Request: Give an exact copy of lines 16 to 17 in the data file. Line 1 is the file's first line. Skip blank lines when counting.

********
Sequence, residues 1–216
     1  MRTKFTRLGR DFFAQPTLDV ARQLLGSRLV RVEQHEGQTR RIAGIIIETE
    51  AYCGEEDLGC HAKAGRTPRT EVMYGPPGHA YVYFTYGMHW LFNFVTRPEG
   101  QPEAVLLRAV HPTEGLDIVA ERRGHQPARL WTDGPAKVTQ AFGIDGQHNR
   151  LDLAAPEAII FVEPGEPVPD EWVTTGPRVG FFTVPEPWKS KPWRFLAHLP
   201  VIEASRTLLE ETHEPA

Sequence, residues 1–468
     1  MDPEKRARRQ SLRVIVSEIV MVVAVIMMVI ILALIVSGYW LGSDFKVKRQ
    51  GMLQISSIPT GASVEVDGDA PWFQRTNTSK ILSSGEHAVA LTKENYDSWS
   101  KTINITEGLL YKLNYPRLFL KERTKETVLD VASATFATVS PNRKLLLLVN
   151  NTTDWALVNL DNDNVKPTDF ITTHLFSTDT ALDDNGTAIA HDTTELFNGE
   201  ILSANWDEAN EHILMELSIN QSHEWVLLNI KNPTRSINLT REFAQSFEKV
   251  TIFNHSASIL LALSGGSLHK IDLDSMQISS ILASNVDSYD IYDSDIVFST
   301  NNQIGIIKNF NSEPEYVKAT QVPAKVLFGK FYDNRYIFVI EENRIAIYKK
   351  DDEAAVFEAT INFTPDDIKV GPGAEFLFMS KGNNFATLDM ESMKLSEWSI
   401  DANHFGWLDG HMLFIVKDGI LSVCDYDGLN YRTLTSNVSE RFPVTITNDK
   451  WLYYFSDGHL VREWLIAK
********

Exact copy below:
   401  DANHFGWLDG HMLFIVKDGI LSVCDYDGLN YRTLTSNVSE RFPVTITNDK
   451  WLYYFSDGHL VREWLIAK